‘a textbook P&M album…’
DS2 Music Group
Recorded live in July 2011 at Greater Victory Christian Center in Atlanta, Marica Chisolm’s Simply Worship is a textbook P&W album.
The live and clearly audible audience, the compulsory celebratory opening selections, the dynamic ebbs and flows of the music, and the concluding “Corporate Worship,” which gives everyone an opportunity to sing along, follow the spirit and tone of a twenty-first century worship service.
A vigorous singer and practiced worship leader, the Atlanta-born Chisolm uses her Baptist and COGIC influences to stretch her performance so every ounce of utility is eked from each song. As a result, with eleven selections representing a variety of songwriters, the CD nearly surpasses its 80-minute limit.
Marica Chisolm, ‘Desperation,’ from Simply Worship
After the energetic and rhythmically thumping “Oh Give Thanks” and Darius Paulk’s “Hallelujah to the King,” Chisolm settles into a groove of simple and gentle worship songs, such as “Breath of Glory” and the current single, Tasha Cobbs’ “Used.” Chisolm’s pulpit-tough voice, in fact, bears some resemblance to Cobbs’s, as well as to Tonya Baker, another fellow P&W songster.
Interestingly, the most dynamic performance of Simply Worship occurs during the reprise of the P&W song, “Desperation.” First Chisolm and then Bishop Stephen B. Hall break into what sounds like an impromptu version of “I Need Thee Every Hour.” The power of the old hymn appears to wreck pew after pew until it ushers in a spirited praise break. It reinforces how the old songs of the church, when skillfully rendered, are the columns upon which all else stands.
Marica Chisolm is minister of music at Gathering of Champions International Cathedral in Marietta, Georgia.
Pick: “Desperation Worship.”
‘…like prayers whispered at sunrise…’
NSB Music Group/The House of Zion (2009)
“Perfect Peace,” one of 17 selections on Sherree Brown’s debut album, First Fruit, deftly expresses the CD’s musical and lyrical sentiment. Brown’s unshackled voice and limitless style restore the soul like a refreshing sea breeze as she seeks the wisdom and understanding needed for inner tranquility.
First Fruit, which set the stage for Brown’s more recent gospel café outing, Soul Thirsty (2012), contains mostly introspective pieces, like prayers whispered at sunrise, with free flowing melodies, soft chords, and an atmospheric feel. At points you expect to hear birds singing.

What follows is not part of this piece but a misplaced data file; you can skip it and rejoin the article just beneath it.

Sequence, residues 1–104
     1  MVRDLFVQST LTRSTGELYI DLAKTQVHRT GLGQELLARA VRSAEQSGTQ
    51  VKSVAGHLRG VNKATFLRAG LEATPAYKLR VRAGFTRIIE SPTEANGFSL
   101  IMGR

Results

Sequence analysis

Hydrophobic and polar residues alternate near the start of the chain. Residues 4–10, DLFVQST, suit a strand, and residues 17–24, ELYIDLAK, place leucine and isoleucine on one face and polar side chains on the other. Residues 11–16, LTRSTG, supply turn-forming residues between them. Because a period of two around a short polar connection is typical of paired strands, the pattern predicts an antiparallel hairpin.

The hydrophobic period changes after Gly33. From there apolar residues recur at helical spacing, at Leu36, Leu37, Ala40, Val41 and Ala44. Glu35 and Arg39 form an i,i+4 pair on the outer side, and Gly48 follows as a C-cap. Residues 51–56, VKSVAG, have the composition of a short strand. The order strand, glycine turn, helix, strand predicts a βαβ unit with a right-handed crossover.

An alumna of Walt Whitman and the Soul Children of Chicago who led “The Race” on the choir’s We Are One (CGI, 1992), Sherree Brown (formerly Sherree Ford-Payne) is a professional vocalist who can sing anything because she has sung everything. The list of artists she has worked with in her career includes star talent from just about every style of music, including gospel. Interestingly, Michael Jackson seems to have left the most explicit impression on Brown; her light vibrato in the high register bears an uncanny resemblance to Jacko the balladeer.
Promotional video for Sheree Brown’s First Fruit album
Sheree Brown, ‘O Come Let Us Adore Him,’ at Borders bookstore, Chicago, December 19, 2009
“The Water” is First Fruit’s most radio-friendly track. It is an acoustic guitar-led selection with a brisk tempo that crackles with freshness as Brown seeks to be cleansed and born again. On the other hand, “Lord Most High” is the loveliest selection on the album and arguably the most representative of the set. Brown’s breathy vocals, a lithe piano and guitar backdrop, and delicately sweet harmonies evoke the ethereal soundscapes of Loreena McKennitt and Sarah MacLachlan. Brown lowers the blood pressure as she vamps praises over the musical ostinato.